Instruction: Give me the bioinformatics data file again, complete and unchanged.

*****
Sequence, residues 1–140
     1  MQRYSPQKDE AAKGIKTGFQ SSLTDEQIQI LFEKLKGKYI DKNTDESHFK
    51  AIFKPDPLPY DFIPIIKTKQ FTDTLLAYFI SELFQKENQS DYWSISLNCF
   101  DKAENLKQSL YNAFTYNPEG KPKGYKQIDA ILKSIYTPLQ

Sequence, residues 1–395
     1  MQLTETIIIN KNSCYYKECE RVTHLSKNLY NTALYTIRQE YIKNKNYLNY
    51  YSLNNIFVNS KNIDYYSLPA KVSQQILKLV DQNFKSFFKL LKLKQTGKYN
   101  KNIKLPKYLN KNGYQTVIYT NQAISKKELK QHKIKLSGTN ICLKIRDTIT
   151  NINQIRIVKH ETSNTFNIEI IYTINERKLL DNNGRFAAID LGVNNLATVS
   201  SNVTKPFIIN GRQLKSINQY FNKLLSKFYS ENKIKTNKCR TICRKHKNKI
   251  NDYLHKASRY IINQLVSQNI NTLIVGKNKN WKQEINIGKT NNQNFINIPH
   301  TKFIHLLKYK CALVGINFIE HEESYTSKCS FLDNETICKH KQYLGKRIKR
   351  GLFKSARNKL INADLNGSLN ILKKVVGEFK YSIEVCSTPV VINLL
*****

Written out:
Sequence, residues 1–140
     1  MQRYSPQKDE AAKGIKTGFQ SSLTDEQIQI LFEKLKGKYI DKNTDESHFK
    51  AIFKPDPLPY DFIPIIKTKQ FTDTLLAYFI SELFQKENQS DYWSISLNCF
   101  DKAENLKQSL YNAFTYNPEG KPKGYKQIDA ILKSIYTPLQ

Sequence, residues 1–395
     1  MQLTETIIIN KNSCYYKECE RVTHLSKNLY NTALYTIRQE YIKNKNYLNY
    51  YSLNNIFVNS KNIDYYSLPA KVSQQILKLV DQNFKSFFKL LKLKQTGKYN
   101  KNIKLPKYLN KNGYQTVIYT NQAISKKELK QHKIKLSGTN ICLKIRDTIT
   151  NINQIRIVKH ETSNTFNIEI IYTINERKLL DNNGRFAAID LGVNNLATVS
   201  SNVTKPFIIN GRQLKSINQY FNKLLSKFYS ENKIKTNKCR TICRKHKNKI
   251  NDYLHKASRY IINQLVSQNI NTLIVGKNKN WKQEINIGKT NNQNFINIPH
   301  TKFIHLLKYK CALVGINFIE HEESYTSKCS FLDNETICKH KQYLGKRIKR
   351  GLFKSARNKL INADLNGSLN ILKKVVGEFK YSIEVCSTPV VINLL